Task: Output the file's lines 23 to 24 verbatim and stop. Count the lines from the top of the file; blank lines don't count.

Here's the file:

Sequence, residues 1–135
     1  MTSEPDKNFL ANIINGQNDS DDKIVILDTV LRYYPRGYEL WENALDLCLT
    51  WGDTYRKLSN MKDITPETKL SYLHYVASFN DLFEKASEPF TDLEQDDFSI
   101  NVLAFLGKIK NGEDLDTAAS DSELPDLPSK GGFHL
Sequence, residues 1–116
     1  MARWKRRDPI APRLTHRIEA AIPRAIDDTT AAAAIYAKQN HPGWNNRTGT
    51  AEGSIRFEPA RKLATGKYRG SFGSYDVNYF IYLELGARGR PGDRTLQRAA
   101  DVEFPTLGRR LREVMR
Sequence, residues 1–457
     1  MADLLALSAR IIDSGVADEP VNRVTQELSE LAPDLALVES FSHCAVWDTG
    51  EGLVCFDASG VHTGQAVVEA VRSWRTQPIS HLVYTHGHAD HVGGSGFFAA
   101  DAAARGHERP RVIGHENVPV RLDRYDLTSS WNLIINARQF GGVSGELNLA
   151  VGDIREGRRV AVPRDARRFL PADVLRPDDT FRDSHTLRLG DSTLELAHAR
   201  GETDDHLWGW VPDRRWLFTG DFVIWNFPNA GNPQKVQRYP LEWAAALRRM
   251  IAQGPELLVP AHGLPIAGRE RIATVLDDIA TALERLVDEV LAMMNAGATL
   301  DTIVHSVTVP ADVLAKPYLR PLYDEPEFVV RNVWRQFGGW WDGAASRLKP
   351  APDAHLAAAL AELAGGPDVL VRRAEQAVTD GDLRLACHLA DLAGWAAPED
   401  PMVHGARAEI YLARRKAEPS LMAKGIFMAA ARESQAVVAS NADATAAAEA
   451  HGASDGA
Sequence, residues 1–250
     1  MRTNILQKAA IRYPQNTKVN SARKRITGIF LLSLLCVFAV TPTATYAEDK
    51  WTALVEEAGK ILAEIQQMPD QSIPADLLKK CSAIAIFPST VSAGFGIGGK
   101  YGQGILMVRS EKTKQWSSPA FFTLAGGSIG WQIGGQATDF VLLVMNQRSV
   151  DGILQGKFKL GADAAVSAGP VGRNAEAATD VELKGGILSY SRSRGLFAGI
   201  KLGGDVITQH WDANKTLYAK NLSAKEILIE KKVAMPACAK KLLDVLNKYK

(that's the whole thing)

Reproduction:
   101  YGQGILMVRS EKTKQWSSPA FFTLAGGSIG WQIGGQATDF VLLVMNQRSV
   151  DGILQGKFKL GADAAVSAGP VGRNAEAATD VELKGGILSY SRSRGLFAGI